Retrospective: Still the world’s most awesome fighting team
After years of comics, cartoons and movies, they’re still a lean, green fighting machine.
Born in 1984 as an underground comics parody of various martial arts and mutant comic books, the reptilian superhero team known as the Teenage Mutant Ninja Turtles turned 28 last May, making them a bit old to still be considered teenagers.
The story goes that four turtles were mutated by a strange ooze, as well as a rat. The rat, Splinter, a former pet of a martial arts master, becomes the turtles’ leader and surrogate father, teaching them ninja skills he learned from his master and naming them Leonardo, Raphael, Michelangelo and Donatello. The turtles then fight crime from their base under the sewers of New York City, as well as the evil Foot Clan and its leader, the Shredder.
The turtles were created by Kevin Eastman and Peter Laird, who originally self-published what was supposed to be a one shot comic issue, debuting at a comic book convention being held in New Hampshire. The book was published by Mirage Studios, so named because of the fact that Eastman and Laird didn’t have a real studio. Soon, the superhero team became a hit, and the one off parody became a series that has lasted until very recently, including four volumes of the series, albeit with a few hiatuses in between.
The first animated series
In 1987, the turtles were given their very own animated series, which is still the “definitive” version for many fans. Some comic book fans disagree, saying that the show took the dark underground comics and turned them into a light child oriented show, while changing certain key plot points — including the fact that Splinter is now a rat-like human, instead of a man-like rat.
Most of these points are valid, but fans of the show didn’t really mind; besides, most are unaware of the comics. The series introduced the idea of the color-coordinated turtles; before, only weaponry told them apart.
The show lasted for nine years, and sold an untold wealth of various toys and other related paraphernalia. Most important were probably the series of action figures, including many characters that didn’t appear in the cartoon until they became popular, and some that didn’t appear at all, as common in many such ‘80s cartoon toy lines.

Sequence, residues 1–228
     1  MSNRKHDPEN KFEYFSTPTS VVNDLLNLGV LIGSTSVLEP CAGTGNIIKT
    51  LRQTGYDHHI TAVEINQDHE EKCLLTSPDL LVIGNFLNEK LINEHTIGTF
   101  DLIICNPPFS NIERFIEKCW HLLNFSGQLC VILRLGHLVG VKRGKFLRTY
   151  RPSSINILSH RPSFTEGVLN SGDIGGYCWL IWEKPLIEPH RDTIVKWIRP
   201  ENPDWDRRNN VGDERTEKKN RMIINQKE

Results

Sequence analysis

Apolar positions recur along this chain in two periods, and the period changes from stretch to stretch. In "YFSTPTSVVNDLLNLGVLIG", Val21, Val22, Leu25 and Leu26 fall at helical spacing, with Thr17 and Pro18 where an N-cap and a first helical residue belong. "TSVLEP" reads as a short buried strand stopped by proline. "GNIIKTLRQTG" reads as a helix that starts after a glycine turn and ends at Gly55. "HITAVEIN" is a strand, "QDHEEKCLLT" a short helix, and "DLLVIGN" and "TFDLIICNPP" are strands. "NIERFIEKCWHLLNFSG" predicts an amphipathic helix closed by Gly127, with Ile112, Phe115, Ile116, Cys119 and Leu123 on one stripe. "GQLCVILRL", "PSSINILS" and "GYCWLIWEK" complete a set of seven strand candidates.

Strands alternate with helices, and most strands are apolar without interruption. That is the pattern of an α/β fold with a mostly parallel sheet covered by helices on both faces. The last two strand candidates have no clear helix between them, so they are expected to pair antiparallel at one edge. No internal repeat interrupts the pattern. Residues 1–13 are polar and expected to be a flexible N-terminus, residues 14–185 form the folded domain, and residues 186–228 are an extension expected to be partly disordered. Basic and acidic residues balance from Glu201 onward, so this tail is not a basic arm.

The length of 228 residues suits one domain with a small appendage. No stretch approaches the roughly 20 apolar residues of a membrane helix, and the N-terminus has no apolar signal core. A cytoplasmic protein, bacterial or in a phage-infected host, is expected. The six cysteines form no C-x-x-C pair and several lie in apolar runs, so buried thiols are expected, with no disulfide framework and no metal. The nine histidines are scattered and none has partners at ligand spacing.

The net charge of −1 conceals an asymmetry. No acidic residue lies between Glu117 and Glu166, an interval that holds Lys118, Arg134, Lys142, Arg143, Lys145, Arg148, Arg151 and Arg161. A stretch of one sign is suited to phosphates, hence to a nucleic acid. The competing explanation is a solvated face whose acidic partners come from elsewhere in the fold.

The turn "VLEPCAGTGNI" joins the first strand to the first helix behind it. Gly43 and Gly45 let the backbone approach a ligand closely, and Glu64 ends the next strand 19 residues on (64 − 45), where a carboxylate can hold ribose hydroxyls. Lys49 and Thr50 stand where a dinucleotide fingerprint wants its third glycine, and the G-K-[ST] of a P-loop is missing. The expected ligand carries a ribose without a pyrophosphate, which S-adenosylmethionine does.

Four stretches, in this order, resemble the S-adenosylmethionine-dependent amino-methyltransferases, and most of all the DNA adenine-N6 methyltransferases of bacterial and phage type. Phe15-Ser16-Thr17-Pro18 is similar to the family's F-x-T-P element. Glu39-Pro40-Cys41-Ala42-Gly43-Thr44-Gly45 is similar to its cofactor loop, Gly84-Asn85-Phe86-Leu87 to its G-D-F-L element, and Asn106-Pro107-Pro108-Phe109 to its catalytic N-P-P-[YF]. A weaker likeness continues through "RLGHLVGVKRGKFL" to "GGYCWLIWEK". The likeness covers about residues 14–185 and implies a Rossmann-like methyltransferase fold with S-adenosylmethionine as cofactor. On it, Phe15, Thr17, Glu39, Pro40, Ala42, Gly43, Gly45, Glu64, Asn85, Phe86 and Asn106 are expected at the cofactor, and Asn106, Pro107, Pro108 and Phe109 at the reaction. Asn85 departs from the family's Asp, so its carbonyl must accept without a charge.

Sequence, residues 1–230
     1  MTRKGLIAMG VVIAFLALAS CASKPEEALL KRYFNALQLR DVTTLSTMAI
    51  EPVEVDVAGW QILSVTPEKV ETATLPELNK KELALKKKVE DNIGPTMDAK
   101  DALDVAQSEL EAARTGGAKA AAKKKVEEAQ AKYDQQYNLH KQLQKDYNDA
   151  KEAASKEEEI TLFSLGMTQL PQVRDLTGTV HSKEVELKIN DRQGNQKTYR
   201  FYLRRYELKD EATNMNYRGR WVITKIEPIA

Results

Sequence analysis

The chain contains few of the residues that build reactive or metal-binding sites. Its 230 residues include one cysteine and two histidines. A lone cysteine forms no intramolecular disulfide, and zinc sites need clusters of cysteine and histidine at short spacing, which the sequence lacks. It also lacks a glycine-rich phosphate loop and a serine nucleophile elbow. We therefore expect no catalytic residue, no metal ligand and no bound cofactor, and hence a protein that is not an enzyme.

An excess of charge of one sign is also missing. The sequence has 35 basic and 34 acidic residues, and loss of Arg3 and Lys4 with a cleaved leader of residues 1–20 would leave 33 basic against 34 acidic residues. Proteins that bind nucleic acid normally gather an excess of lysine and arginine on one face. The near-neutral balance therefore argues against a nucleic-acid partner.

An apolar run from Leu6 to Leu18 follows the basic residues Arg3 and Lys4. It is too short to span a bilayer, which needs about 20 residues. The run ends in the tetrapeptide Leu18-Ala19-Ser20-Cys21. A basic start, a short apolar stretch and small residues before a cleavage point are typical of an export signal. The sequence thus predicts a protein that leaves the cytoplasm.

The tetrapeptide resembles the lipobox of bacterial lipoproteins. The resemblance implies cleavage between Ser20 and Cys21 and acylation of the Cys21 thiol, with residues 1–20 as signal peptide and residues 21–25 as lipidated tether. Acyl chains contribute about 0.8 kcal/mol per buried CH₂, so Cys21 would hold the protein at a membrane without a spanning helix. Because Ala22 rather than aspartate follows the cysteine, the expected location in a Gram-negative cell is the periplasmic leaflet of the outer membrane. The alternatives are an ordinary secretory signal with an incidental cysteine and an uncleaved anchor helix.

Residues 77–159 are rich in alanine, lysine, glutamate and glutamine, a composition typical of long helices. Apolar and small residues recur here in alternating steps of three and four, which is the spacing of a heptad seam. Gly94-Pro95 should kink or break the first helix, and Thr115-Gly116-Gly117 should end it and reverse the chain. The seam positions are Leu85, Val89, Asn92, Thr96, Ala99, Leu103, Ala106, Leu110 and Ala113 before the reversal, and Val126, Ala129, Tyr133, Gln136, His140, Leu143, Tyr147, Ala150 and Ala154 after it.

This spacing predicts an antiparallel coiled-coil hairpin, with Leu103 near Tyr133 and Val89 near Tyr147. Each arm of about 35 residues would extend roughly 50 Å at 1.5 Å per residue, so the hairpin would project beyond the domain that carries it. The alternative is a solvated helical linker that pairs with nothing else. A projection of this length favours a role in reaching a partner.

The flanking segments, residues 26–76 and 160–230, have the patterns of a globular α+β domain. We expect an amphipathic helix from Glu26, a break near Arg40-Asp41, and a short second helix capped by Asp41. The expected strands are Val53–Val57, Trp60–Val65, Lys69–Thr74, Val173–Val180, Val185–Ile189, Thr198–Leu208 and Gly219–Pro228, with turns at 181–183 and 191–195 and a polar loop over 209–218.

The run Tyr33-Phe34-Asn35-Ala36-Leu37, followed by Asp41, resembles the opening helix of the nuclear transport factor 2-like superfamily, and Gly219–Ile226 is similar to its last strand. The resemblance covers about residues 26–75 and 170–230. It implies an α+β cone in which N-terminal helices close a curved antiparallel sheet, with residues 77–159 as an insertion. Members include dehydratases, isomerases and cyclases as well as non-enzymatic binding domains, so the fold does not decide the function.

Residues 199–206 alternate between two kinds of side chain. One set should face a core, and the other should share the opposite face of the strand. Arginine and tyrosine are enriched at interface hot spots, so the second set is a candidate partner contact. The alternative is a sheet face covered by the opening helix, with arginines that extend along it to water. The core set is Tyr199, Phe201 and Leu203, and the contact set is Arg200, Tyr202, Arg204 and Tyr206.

A separate comic book series, by Archie Comics, based on the show was released in 1988 and lasted until 1995. This series was originally based on the cartoon, but soon became its own thing.
In 1990, the first turtle movie came out with Teenage Mutant Ninja Turtles. It stayed closer to the comics than the cartoons and spawned two sequels almost immediately, starting with Teenage Mutant Ninja Turtles II: The Secret of the Ooze in 1991 and then Teenage Mutant Ninja Turtles III in 1993. This early trilogy featured puppetry from Jim Henson’s Creature Shop to bring the turtles to life.
In 2007, a new movie, TMNT, was released to theaters, this time animated using CGI. Surprisingly, in an era full to the brim with movie series reboots, this movie coming nearly a decade and a half after the last – and made in an entirely new medium – featured scenes that made it explicit that this was a direct sequel to the earlier live action films.
The Next Mutation
The live action movies spawned a live action television series for the turtles, subtitled The Next Mutation. This show has been mostly forgotten, but was developed as a continuation of the live action movies. Most controversially, it introduced a new turtle, the female Venus de Milo.
The show started in 1997, but only lasted 27 episodes before being cancelled.
The second animated series
In 2003, when many such ‘80s cartoons were coming back in vogue, the turtles started a brand new cartoon series; this time more closely following the comics, rather than the original cartoon series.
The series continued until 2009, ending with a made-for-TV animated movie which celebrated the turtles’ 25th anniversary as a franchise by having the turtles from this series team up with those from the original animated series in a bizarre crossover.
Last year, a new series with a new continuity with input from both Eastman and Laird was created for IDW comics. The series has been ongoing since then, and features a new twist on the Splinter as rat-man or man-rat question: in this series, Splinter is a man reincarnated as a rat, mutated into a rat-man, and the turtles are the mutated reincarnations of his four sons.
The third animated series
It seems Turtle Power is still alive and well. As Michelangelo would say, “Cowabunga!”